Bruce Boudreau believes he’s ready to fulfill dream of winning the Cup

Ducks Coach Bruce Boudreau will lead his team against the Dallas Stars on Wednesday when the first-round of the NHL playoffs begin.
Ducks Coach Bruce Boudreau will lead his team against the Dallas Stars on Wednesday when the first-round of the NHL playoffs begin.
(Allen J. Schaben / Los Angeles Times)

Maybe a man who has steered his teams to six regular-season division titles but never gotten one past a second-round playoff series is supposed to keep quiet about his longing to hold the Stanley Cup.

That’ll never be Bruce Boudreau.

The Ducks coach, who will lead his Western Conference top-seeded team into the postseason Wednesday night against the wild-card Dallas Stars, unabashedly has obsessed about the best-known trophy in sports.

“Think about it every single day of my life,” Boudreau told The Times on Monday. “When I’m by myself, when I take a walk … since I’ve been 10 years old.

“It’s all I’ve ever wanted to do. It’s not a question of the will and the want not being there. It’s a question of, sometimes you’ve got the opportunity and you’ve got to make good on it.”

Banking now on a deep mix of players who’ve enjoyed career seasons — including captain Ryan Getzlaf, seven-year veteran center Andrew Cogliano and 25-year-old center Nick Bonino — Boudreau has his best chance at hockey’s holy grail.


Earlier this season, the 59-year-old coach — who devoted 20 years to playing professional hockey and savored just 141 games in the NHL — reached 300 regular-season victories faster than any coach in league history.

“Bruce has put in a good strategy and game plan for us and it’s up to us to do it,” Ducks center Mathieu Perreault said. “It’s a matter of us being at our best, doing the right things.”

Perreault was also in those Washington Capitals dressing rooms where Boudreau once implored his multitalented club to win — in bold, colorful language that was captured on film by HBO.

Washington won four consecutive division crowns from 2008 to 2011 but was eliminated in the first, second, first and second rounds those years.

The most wrenching defeat was the 2009 Game 7 loss to eventual champion Pittsburgh, a series in which the Capitals lost three overtime games.

“We had basically no playoff knowledge the first couple years,” Perreault said. “We battled hard — look at those series, we lost in seven games every year — but there was no push from anyone who’d ever been there like we have here: Teemu [Selanne], Saku [Koivu], Getzlaf, [Corey] Perry, guys who’ve won everywhere they’ve gone.”

With the playoff fades a factor, the Capitals fired Boudreau during the 2011-12 season. The Ducks quickly snapped him up. Washington missed the playoffs this season.

Boudreau’s postseason pain returned last May, however, when the Ducks followed their Pacific Division title with a first-round, Game 7 loss to the Detroit Red Wings.

“I have a hard time putting my finger on the reasoning, because anything I say looks like an excuse,” Boudreau said of the rash of early exits.

“You’re numb, don’t know what to do. The hardest thing is thanking the players for what they did because you don’t even feel like talking, and you just never want to go through that again. Winning is … the hardest thing in the world.”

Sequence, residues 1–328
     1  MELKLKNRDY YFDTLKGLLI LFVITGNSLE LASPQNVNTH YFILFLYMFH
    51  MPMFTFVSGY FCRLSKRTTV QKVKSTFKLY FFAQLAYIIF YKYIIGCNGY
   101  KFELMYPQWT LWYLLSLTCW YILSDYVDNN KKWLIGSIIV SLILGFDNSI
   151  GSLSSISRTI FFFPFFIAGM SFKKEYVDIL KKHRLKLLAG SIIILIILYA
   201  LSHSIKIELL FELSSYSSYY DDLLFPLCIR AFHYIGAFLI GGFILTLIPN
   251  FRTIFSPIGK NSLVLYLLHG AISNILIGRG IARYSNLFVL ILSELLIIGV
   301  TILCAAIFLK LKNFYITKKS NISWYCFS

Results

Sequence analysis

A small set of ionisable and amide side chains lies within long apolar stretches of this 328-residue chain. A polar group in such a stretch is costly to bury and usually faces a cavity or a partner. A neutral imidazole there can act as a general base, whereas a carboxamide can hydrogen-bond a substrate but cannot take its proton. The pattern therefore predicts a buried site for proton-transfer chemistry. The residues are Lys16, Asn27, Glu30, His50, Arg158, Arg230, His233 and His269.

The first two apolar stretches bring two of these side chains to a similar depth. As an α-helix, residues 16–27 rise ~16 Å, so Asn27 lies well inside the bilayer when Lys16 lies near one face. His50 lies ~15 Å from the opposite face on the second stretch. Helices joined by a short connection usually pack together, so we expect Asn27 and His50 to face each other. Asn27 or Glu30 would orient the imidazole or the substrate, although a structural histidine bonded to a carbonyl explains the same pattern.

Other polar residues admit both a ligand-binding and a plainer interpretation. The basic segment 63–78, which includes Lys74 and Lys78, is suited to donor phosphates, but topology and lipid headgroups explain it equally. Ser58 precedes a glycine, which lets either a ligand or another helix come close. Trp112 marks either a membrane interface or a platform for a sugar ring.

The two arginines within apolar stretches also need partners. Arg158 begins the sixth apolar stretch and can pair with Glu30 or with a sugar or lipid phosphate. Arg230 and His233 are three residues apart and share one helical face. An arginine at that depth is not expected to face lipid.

The task of reconciling those defeats comes in transforming mistakes into wisdom. For instance, the coach has put more emphasis on intently matching lines during games and traveling to road cities a day early to practice.

The Ducks (54-20-8) set a franchise record for road victories (25) and goals (266) and, unlike last year’s mediocre regular-season finish, they closed on a 9-2-1 run that included victories over San Jose, the Kings and second-seeded Colorado.

Getzlaf knew questions about Boudreau’s failure to orchestrate a deep playoff run were coming.

“We’re aware of it; watch everyone talk about it until we get through this first round,” Getzlaf said. “With Bruce, it’s a matter of the guys care. He cares about the players. And we’re ready to show that.”

Boudreau, a dedicated follower of the NHL who typically watches games on nights the Ducks aren’t playing, has heard the national media speculation that his team could be ripe for another upset.

There are some causes for concern. The Ducks, who lost two of three to Dallas during the season, are relying on young defensemen Cam Fowler and Hampus Lindholm. They will be missing injured tough guy Tim Jackman, and have shaken up the goalie rotation as primary starter Jonas Hiller faded with a 6-9-3 finish and didn’t play the last four games. Rookies John Gibson (3-0) and Frederik Anderson (20-5) were starters the last four games and seemed to have passed Hiller on the depth chart.

“I know what everyone’s going to say if we lose,” Boudreau said.

Yet, he insists he’s better equipped for these playoffs because of the painful past, when he would overanalyze an opponent. Don’t hammer the players with 20 instruction points, he says now, when two main points will suffice. If forward Kyle Palmieri had three goals and two assists in the playoffs last year, he reasons, increase his minutes.

Palmieri laughed off the suggestion his coach is snakebit or cursed, remembering the “lucky bounces” Detroit needed to beat the Ducks.

“We’re going out this year and no one has a doubt in their mind that we have what it takes to win the Cup,” Palmieri said.

For Boudreau, that would fulfill the everyday mission that has stuck in his head for nearly 50 years now.

“You hope you get the breaks,” Boudreau said. “It’d be nice if we succeeded because things wouldn’t be said about me anymore, but I think my record speaks for itself as to whether I’ve been successful or not.”

Twitter: @latimespugmire